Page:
Statements of effective practice for large-scale implementation (those in italics were not fully established in all participating institutions)

Purpose is aligned to context to maximise benefits.

There can be a range of purposes for e-portfolio use across an institution and there can be tensions between them; eg between e-portfolios that map and evidence competence, and ones that have a personal development planning function, or others that are CV orientated.

How can a variety of purposes be supported effectively?

Which stakeholders are/ need to be involved?

Which technologies need to be made available?

Is there an overarching institutional purpose?

  • There is a recognition that there are many purposes for e-portfolios AND that some of these may align with institutional issues and goals eg employability, progression, retention. (1)

  • Teaching and learning strategies/ policies include some reference either to the drivers or to e-portfolio use explicitly. (2)

  • Technical solution/s allow for the range of purposes. (3)
  • Key stakeholders are involved in e-portfolio implementation (decisions, discussions, review etc). eg academics representing different areas and levels of the curriculum, administrators, careers/ employability professionals, staff development personnel, students, alumni, employers, IS and senior managers. (4)
  • Institutional purposes or drivers are understood by stakeholders and the associated efficiency, enhancement and transformational benefits of e-portfolios are maximised.

Learning activity is designed to suit the purpose.

Professional development opportunities are needed to help staff identify the learning activities relevant to their own practice, needs and aspirations as teachers meeting the changing needs of students, which can be supported by e-portfolio tools.

How can practitioners' awareness be raised of the need to link effective student centered learning design to their introduction of e-portfolios?

How can the professional development issues be supported across a range of contexts?

How is an evolving familiarity with the potential of e-portfolios to be supported?

  • Learning design practice expertise is developed and shared.
  • Opportunities are provided for staff to develop expertise in using e-portfolios themselves, eg new lecturers' course, staff appraisal/performance review. (5)
  • A central unit supports/develops knowledge of institutional use
  • Champions are established to support developing practice

Processes are supported technologically and pedagogically.

Users benefit from having both technological and pedagogical inputs to their developing use of e-portfolios, ideally with some co-ordination between the two. There are efficiency and enhancement gains to be had from sharing practice on supporting processes in schools/departments. Efficiency gains can also be made by identifying some central support for e-portfolios.

How can process such as information capture & retrieval and presentation best be supported?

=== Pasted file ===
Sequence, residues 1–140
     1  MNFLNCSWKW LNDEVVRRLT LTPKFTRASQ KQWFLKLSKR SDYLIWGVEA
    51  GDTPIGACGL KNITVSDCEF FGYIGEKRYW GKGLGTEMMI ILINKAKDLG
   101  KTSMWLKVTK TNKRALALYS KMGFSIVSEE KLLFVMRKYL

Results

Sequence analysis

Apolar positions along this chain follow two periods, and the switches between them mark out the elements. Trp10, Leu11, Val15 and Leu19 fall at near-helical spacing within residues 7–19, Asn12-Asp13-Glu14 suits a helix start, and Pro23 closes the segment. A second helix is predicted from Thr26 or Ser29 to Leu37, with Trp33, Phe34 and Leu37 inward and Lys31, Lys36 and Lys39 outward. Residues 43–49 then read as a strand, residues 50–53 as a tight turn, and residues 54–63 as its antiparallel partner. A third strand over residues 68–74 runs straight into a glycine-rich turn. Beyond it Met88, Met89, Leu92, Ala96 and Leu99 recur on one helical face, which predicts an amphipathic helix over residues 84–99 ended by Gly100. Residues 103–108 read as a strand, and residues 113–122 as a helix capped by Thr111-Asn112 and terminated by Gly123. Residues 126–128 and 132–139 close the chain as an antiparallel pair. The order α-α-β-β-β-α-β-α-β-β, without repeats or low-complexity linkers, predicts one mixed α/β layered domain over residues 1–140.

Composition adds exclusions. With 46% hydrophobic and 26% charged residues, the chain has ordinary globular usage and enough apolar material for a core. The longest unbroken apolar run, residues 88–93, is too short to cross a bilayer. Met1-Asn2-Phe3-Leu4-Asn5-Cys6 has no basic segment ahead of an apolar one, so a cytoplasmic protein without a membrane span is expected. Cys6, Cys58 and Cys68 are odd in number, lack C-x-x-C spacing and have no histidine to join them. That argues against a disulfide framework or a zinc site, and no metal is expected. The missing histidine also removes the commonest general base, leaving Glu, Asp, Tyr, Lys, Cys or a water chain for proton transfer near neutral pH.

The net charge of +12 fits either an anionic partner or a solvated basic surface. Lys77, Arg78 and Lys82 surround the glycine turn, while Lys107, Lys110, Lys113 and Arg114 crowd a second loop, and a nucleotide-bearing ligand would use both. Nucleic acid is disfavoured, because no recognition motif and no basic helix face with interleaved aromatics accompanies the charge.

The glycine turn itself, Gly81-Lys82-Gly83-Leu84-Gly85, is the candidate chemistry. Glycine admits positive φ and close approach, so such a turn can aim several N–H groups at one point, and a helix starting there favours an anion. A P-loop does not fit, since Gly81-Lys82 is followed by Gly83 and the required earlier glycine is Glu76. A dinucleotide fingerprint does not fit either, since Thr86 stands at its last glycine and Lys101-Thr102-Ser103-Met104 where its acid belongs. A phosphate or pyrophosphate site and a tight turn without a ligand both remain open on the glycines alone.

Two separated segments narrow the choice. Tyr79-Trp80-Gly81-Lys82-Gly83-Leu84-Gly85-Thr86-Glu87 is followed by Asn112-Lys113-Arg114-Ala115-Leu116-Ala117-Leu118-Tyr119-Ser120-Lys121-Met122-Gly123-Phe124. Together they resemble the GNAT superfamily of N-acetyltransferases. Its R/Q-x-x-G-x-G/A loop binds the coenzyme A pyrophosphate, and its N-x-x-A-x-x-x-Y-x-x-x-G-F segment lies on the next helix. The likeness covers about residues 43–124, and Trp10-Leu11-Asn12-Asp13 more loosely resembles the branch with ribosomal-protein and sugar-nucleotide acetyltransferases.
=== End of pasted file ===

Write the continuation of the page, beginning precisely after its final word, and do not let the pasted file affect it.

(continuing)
How can pedagogic processes be supported?

How can this be done efficiently and effectively?

  • The e-portfolio solution has the necessary functionality to support processes involved across instances of use such as information capture & retrieval and presentation - technical support is provided for these.
  • Pedagogic support for students, staff and work-based personnel is in place to support users in key learning processes such as reflection, peer review, information selection, presentation etc. e-Portfolios are included in professional development programmes.
  • Efficiency gains through central provision and/or sharing of induction/ support materials are considered.

Ownership is student centred.

e-Portfolio use by individuals and by those with whom they choose to share e-portfolio content ‘cannot’ be monitored, except when the e-portfolio owner chooses to share part of it with a member of staff.

Students may prefer to use their own tools for some or all of their e-portfolio work.

What input might students have in choice of tool and in promoting and supporting use?

How can the e-literacy issues in relation to e-portfolio use be addressed?

How can the students take their e-portfolio with them on work placement and when they leave the institution?

  • The holistic student experience is addressed centrally when identifying the potential purposes of e-portfolios.
  • The nature of the provision is such that personally-driven use can sit alongside a number of learning activities and both curricular and extra-curricular uses are incorporated.(6)
  • Student recommendation is recognised as a key factor in disseminating the value of e-portfolio use - approaches to evaluation have a significant student voice element.
  • Student expectations are a major consideration in strategy development.
  • Lifelong and Lifewide Learning uses of the e-portfolio are supported either through using a tool which is compliant with interoperability standards such as Leap2A or by providing one that allows use to continue after graduation either free of charge or at minimal cost.

Transformation (disruption) is planned for.

Individuals involved in using/supporting e-portfolios across a range of purposes are in a unique position to support implementation, highlight transformational benefits and manage potential disruption.

How can awareness be raised of this potential for disruption, in a constructive way?

How can issues related to transformational e-portfolio use inform practice and strategy at institutional level?

How can the institution demonstrate its understanding and valuing of the contribution of the e-portfolio manager/champion?

  • The issues of student ownership are considered in relation to the potential for transformative benefits AND the potential for disruption.
  • There is an identified ‘expert’ person with responsibility for e-portfolio developments who is able to alert the institution staff i.e. senior managers, key strategic groups etc. to efficiency, enhancement and transformational benefits that are appropriate to their institutional context.